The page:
@Urban Fangirl Marketer: Leveling a Charge or Back-pedaling?

Referring to this, it may be that some of you don’t know that two years ago I was the blogger who deciphered the letter originally posted by the young fan in question. I was not the only person to decipher it, and decipher is a misleading word. Some people just held it up to a mirror. The two-paged letter was written on both sides of studio paper, which seemed to be onionskin. Richard Armitage used either a fountain pen or, more likely, a thin Sharpie. The young fan posted an image of page 1 in her hand, and the text of page 2 was clearly visible through the paper. Anyone and everyone could see it, including the original poster. The only deciphering necessary, was  using the reverse image tool and enlarging. I don’t recall if I also typed out the letter. I can’t check, because of course, once the young fan asked everyone to take down their posts of any portion of the letter, I did.

I saw  @Urban’s marketer’s conversation about the letter on my Twitter timeline and replied.

tweeta

I’ve been vocal on this blog about how I’m certain that the @Urban film account  Marketer is,a particular Richard Armitage Facebook Administrator,  who is mishandling the film account Here, here and here ( see the comments, too) and on other blogs. Consistent with this, I am almost certain that the @Urban Marketer, as a fan, knew about the letter incident when it happened, at least that everyone was asked to take it down and why. I never followed that FB page, so I don’t know if she ever posted the young girl’s original Tumblr post.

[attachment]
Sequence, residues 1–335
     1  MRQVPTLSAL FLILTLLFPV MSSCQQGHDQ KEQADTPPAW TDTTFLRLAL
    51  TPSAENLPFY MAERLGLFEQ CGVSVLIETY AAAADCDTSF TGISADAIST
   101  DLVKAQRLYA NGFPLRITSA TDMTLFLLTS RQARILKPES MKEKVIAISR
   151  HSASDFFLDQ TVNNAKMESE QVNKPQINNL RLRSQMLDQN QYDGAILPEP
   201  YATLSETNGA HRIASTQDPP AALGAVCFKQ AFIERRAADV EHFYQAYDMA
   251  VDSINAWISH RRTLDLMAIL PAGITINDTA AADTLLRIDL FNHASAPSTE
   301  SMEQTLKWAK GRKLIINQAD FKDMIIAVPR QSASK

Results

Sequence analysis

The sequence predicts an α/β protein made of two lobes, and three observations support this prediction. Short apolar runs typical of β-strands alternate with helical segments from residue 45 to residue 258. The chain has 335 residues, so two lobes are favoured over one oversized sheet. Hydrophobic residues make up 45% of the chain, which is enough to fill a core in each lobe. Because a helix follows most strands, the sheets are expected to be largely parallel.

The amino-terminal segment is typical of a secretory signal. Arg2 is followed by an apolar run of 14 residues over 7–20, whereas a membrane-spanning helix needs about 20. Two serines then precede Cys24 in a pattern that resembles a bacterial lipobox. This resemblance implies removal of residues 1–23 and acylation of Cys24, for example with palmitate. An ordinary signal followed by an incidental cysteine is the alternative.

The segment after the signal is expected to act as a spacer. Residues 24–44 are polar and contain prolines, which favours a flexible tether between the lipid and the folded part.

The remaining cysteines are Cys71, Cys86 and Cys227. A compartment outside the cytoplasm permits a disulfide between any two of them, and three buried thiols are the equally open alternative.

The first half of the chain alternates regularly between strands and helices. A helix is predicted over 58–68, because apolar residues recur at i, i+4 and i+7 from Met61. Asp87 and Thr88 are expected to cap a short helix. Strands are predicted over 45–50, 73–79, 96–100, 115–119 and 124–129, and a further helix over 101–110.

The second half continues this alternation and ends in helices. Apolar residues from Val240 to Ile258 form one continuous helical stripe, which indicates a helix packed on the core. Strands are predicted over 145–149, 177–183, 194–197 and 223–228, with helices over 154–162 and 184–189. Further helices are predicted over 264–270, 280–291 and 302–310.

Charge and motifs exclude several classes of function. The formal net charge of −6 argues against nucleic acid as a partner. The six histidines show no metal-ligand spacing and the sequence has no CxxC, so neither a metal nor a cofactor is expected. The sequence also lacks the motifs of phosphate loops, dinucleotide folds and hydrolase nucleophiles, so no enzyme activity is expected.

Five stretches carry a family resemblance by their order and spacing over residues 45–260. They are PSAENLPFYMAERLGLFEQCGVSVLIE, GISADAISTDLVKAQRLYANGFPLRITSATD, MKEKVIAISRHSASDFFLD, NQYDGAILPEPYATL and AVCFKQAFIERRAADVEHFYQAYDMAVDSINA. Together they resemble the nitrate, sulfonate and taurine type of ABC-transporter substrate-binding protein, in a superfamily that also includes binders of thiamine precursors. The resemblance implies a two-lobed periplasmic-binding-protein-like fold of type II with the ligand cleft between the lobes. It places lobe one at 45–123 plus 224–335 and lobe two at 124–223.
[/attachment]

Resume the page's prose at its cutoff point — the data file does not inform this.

I didn’t see then and I don’t see now, how my actions were an invasion of anyone’s privacy The  young poster had previously published accounts of her visit to The Hobbit set, and knew that her previous posts were widely read and disseminated. She knew or should have known that the same would happen again, including reblogs of her complete post, which also included photos of gifts from Richard Armitage. She was very young,   and became nervous when she saw that the text was reversed and published. She’s mentioned in a previous post that she had been sworn to secrecy about what she saw and could not reveal details of the filming she observed.There were reasons why she needn’t have worried, among them, the letter was an official studio letter that Peter Jackson surely knew would be shared among fans. Still,  it was her prerogative to change her mind and ask that her letter and any other versions, be taken down. I don’t know of anyone who did not comply with her request. Fans across social media platforms signal-boosted her take-down request  to help her.